Thursday, January 15, 2015

Long Blue Line | Pre-Continuation

Shall I begin?
Let's see. I'm the author of my own five-hundred and something page memoir and to be honest...I haven't even read my own book. After spending a year of writing a memoir (or any book for that matter), you'd expect the author would reserve some time aside to read their hard work that they invested so much time into, and relax for once. Not me. 

I didn't have to think about what I would write next. It was already stuffed away in my dark and blurry memory. The most difficult task that I hadn't expected to face was having to actually force myself to think about those memories. It was the most difficult internal battle I've ever dealt with. I would write obsessively for weeks at a time, hardly sleeping as I typed away, and I knew that I would need to take a break when the signs of PTSD began rearing their ugly faces. The flashbacks were getting more intense, and I was getting closer and closer to believing that this time around, I really might end up in a white jacket. Reality was always sure to snap back to me when my husband called my name, or when my little girl demanded that I read her a book. These came to be moments of clarity. I went from devastation to elation in a matter of seconds. This was raw emotion.

I won't lie. The highs and lows sucked at times. But, they were there for a solid purpose. Without forcing myself to feel like shit for one moment, and completely thankful the next, my story wouldn't have the ability to tell itself. I was forced into moments of being faced with two options. Either skip over that one bad part that I really wasn't so proud of, or to suck it up and write with raw honesty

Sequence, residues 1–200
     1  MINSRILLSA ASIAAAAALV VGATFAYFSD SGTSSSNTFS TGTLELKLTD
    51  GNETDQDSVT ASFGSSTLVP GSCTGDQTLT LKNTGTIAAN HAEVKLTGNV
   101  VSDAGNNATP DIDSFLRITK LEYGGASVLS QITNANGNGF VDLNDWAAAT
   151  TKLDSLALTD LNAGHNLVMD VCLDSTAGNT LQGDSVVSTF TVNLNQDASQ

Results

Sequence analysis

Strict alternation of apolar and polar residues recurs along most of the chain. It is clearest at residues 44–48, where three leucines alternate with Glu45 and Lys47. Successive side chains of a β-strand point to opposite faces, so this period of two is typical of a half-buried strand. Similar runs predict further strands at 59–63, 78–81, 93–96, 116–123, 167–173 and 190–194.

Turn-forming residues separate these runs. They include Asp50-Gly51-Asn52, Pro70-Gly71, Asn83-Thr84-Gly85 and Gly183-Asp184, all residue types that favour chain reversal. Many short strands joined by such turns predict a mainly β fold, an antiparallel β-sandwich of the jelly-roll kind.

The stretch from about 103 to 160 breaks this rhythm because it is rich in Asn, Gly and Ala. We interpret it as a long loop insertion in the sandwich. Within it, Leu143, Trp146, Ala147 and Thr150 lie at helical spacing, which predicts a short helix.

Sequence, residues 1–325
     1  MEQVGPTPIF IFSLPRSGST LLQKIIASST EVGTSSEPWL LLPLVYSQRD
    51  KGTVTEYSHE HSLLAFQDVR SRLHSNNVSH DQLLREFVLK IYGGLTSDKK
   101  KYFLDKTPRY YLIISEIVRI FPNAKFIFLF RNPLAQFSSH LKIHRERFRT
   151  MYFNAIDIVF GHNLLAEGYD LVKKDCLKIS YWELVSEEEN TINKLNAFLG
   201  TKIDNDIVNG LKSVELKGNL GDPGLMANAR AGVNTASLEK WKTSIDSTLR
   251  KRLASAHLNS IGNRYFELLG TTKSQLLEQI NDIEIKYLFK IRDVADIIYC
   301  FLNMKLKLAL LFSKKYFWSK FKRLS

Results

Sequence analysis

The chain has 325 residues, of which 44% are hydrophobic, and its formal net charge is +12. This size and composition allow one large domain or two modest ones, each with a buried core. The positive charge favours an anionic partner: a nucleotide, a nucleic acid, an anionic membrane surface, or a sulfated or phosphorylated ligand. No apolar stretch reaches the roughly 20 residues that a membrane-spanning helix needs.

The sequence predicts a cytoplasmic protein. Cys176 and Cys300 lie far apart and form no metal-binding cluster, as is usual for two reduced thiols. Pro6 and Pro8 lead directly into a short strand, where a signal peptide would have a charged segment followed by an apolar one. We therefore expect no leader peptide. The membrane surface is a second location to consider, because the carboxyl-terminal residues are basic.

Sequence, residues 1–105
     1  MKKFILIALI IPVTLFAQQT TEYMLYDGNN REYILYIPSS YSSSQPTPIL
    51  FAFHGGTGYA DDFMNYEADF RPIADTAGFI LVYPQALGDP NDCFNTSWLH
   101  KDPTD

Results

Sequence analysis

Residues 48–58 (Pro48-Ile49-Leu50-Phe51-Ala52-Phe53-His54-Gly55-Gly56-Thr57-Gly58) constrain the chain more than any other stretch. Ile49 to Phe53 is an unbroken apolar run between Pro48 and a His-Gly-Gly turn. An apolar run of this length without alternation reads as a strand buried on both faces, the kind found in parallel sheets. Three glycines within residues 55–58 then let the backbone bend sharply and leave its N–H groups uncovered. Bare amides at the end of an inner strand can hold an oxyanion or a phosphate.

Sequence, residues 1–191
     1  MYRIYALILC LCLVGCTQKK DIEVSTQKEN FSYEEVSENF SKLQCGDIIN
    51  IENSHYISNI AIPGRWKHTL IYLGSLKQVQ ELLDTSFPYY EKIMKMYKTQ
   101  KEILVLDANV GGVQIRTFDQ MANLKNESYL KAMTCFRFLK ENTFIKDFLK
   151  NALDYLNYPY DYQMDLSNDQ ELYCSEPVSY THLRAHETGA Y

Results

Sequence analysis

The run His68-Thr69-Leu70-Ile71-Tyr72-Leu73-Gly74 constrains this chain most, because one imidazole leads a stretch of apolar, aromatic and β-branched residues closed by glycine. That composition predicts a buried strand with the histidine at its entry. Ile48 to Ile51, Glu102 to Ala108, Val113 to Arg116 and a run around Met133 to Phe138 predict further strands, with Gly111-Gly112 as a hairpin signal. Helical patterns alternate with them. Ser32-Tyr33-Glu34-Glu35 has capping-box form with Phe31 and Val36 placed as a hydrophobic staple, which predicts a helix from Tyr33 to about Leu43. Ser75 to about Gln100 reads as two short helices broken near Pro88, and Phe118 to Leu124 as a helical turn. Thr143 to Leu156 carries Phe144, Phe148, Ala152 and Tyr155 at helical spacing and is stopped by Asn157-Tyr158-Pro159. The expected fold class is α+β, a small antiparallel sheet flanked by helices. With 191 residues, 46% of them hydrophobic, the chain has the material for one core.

I wasn't writing for other people. I wasn't writing to "get it off my chest". I was writing because I missed myself. I had forgotten who I was and what I wanted to be when I grew up. I missed my young teen years where I spent summer after summer hiding in my bedroom reading my twisted novels. I missed all of the times where I would pretend that I was playing my guitar on a stage, in the spotlight with an audience in total awe.  I missed the moments where I couldn't just not sing along to my favorite songs, and even though I was embarrassed that my mom and sisters could most likely hear the teenage echo bouncing off of my beamed bedroom ceiling, I just couldn't help but sing.
I missed the little girl who I could never return to. I missed the kid who was making flip books of her future mansions in Palm Springs. I missed my childhood.

I needed to know why, or at least understand what could have possibly influenced my future choices as a young adult. I didn't know if I would find answers, but I had to try. I was at a turning point in life, and I knew that if I wasn't brave and continued to keep my eyes closed to my hidden past, my bright future had the possibility of dimming back out to subconscious self-destruction and pain. I wasn't willing to ever go back to that place. My life depended on this. 

I won't lie. I'm not jumping up and down over reading this book. But, my curiosity is slightly killing me. This blog (and whoever reads it) is going to hold my hand.

Never let any obstacle, no matter how great or small, stand in your way of living for your passion and fighting for what you believe in. We get one life. Max it out.


 –E. McNew


And so we rewind to a distant memory in 2001.
Chapter 1 | Long Blue Line






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